Durham University
Programme and Module Handbook

Undergraduate Programme and Module Handbook 2010-2011 (archived)


Department: Mathematical Sciences


Type Open Level 3 Credits 20 Availability Available in 2010/11 and alternate years thereafter Module Cap None. Location Durham


  • (Complex Analysis II (MATH2011) and one extra 20 credit Level 2 mathematics module) OR (Complex Analysis II (MATH2011) and Core Mathematics B1 (if taken in Year 2)).


  • One 20 credit Level 3 mathematics module.

Excluded Combination of Modules

  • Elliptic Functions IV (MATH4151).


  • To introduce the theory of multiply-periodic functions of one complex variable and to develop and apply it.


  • Elliptic integrals, sums of squares, simple pendulum.
  • Elliptic functions: Review of necessary parts of complex analysis.
  • Doubly periodic functions.
  • Liouville's theorems.
  • Weierstrass elliptic functions: Differential equation.
  • Laurent expansion.
  • Addition theorems, elliptic function identities.
  • Abel-Jacobi theorem.
  • Theta functions.
  • Elementary theory of infinite products.
  • Poisson summation formula.
  • Jacobi triple product identity, Jacobi derivative formula.
  • Relation with Weierstrass elliptic functions.
  • Modular forms and functions.
  • Definition of the space of modular forms (level 1 holomorphic forms only).
  • Finite-dimensionality, formula for the dimension.

Learning Outcomes

Subject-specific Knowledge:
  • By the end of the module students will: be able to solve novel and/or complex problems in Elliptic Functions.
  • have a systematic and coherent understanding of theoretical mathematics in the field of Elliptic Functions.
  • have acquired coherent body of knowledge of these subjects demonstrated through one or more of the following topic areas: General properties of elliptic functions.
  • Weierstrass elliptic functions.
  • Theta functions.
  • Modular forms.
Subject-specific Skills:
  • In addition students will have specialised mathematical skills in the following areas which can be used with minimal guidance: Spatial awareness, abstract reasoning.
Key Skills:

    Modes of Teaching, Learning and Assessment and how these contribute to the learning outcomes of the module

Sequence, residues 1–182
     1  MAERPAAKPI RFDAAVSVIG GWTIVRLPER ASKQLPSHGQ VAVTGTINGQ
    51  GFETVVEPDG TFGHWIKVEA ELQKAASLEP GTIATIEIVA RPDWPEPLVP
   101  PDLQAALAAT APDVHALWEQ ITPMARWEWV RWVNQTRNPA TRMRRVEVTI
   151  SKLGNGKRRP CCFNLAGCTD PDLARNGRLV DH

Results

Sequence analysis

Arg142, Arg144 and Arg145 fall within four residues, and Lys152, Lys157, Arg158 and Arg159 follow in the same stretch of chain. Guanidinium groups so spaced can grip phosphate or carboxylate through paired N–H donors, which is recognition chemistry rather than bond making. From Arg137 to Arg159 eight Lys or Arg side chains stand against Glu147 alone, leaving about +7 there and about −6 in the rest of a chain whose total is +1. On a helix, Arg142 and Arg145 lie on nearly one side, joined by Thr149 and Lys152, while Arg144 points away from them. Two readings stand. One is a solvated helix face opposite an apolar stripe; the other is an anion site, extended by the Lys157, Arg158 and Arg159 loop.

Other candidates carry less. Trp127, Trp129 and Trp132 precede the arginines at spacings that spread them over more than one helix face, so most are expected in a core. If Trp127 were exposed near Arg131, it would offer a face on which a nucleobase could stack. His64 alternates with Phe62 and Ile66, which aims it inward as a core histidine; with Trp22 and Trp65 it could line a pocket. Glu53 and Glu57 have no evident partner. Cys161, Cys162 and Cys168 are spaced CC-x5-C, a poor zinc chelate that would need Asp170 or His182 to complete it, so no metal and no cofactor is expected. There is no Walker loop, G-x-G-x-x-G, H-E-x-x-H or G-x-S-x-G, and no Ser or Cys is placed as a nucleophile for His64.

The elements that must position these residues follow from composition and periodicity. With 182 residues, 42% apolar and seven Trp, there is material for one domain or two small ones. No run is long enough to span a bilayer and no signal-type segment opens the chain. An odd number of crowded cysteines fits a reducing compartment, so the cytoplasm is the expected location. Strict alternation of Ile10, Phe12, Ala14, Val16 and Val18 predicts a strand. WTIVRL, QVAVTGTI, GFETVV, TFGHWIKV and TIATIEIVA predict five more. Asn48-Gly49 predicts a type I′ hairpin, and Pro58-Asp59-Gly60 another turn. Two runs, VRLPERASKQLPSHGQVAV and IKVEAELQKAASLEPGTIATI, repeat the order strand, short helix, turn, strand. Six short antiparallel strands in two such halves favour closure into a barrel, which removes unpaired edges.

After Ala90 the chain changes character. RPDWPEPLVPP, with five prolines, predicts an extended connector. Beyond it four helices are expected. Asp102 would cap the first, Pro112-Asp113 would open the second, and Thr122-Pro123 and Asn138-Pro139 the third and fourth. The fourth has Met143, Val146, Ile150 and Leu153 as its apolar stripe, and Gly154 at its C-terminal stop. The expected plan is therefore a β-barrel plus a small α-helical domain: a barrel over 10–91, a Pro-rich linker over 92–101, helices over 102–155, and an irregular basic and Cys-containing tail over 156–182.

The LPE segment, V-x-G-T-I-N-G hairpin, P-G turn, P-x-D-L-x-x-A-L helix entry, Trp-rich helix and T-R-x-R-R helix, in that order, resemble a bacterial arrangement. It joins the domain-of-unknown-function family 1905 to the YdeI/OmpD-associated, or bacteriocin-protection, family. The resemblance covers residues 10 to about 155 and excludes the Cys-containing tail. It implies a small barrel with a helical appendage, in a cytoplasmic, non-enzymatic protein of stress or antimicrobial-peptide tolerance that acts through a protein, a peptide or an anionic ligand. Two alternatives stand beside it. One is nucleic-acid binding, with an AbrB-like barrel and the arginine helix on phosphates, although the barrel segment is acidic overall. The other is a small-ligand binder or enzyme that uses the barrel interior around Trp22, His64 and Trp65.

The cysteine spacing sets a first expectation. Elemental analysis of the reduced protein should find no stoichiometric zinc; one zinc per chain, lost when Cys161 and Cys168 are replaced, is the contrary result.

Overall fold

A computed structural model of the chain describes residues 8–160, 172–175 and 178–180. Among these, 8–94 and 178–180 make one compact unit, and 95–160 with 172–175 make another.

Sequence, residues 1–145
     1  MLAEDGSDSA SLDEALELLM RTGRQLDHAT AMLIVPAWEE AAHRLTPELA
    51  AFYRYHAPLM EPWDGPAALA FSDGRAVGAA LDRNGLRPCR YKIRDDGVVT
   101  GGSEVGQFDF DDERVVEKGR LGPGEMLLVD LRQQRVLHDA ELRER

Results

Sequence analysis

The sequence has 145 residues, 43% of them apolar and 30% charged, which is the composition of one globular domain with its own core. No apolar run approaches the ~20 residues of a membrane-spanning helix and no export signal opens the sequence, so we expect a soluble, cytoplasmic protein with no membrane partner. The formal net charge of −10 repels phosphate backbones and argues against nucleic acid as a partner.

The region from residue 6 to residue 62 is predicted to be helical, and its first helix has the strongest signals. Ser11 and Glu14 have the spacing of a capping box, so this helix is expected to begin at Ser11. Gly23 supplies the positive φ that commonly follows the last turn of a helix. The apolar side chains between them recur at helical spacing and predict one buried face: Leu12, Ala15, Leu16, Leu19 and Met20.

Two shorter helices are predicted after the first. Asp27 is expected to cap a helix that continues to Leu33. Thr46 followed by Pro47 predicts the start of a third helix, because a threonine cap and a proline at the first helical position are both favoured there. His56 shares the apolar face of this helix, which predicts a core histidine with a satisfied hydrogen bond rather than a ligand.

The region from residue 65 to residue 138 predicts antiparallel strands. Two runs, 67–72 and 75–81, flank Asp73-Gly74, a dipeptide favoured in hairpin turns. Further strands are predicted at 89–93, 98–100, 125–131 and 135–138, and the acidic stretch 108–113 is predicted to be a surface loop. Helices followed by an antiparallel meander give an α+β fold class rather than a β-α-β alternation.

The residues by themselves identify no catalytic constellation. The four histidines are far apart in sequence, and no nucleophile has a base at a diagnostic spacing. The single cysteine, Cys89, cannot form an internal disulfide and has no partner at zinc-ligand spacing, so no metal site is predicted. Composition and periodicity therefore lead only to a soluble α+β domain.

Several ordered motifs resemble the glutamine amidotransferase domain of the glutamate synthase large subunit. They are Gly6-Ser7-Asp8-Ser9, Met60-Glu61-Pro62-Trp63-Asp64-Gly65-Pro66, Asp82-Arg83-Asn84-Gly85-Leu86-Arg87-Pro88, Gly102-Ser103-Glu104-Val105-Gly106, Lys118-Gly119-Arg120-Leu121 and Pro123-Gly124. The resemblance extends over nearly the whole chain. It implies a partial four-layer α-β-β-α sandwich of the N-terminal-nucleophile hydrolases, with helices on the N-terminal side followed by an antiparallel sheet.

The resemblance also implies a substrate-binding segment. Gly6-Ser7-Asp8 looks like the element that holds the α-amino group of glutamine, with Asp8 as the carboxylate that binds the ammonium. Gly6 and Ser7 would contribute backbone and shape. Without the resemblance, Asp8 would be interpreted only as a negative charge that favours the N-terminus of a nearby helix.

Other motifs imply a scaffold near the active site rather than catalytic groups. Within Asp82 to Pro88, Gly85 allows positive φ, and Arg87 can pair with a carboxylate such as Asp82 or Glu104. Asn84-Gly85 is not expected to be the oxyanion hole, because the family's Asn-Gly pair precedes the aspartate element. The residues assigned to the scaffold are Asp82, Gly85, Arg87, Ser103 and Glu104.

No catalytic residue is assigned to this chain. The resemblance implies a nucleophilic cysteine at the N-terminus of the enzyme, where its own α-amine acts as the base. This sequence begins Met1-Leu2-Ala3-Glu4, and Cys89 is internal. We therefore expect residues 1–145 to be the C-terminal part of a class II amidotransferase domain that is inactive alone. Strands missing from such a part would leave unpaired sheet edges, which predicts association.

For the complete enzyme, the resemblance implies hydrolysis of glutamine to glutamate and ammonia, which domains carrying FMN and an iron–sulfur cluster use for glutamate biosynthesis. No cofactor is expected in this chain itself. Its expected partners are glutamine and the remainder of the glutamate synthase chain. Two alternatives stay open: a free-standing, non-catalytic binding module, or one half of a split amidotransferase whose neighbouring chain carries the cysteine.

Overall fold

• Lectures demonstrate what is required to be learned and the application of the theory to practical examples.
    • Assignments for self-study develop problem-solving skills and enable students to test and develop their knowledge and understanding.
    • Formatively assessed assignments provide practice in the application of logic and high level of rigour as well as feedback for the students and the lecturer on students' progress.
    • The end-of-year examination assesses the knowledge acquired and the ability to solve unpredictable problems of some complexity.

    Teaching Methods and Learning Hours

    Activity Number Frequency Duration Total/Hours
    Lectures 40 2 per week for 19 weeks and 2 in term 3 1 Hour 40
    Preparation and Reading 160
    Total 200

    Summative Assessment

    Component: Examination Component Weighting: 100%
    Element Length / duration Element Weighting Resit Opportunity
    three hour written examination 100%

    Formative Assessment:

    Four written assignments to be assessed and returned. Other assignments are set for self-study and complete solutions are made available to students.

    Attendance at all activities marked with this symbol will be monitored. Students who fail to attend these activities, or to complete the summative or formative assessment specified above, will be subject to the procedures defined in the University's General Regulation V, and may be required to leave the University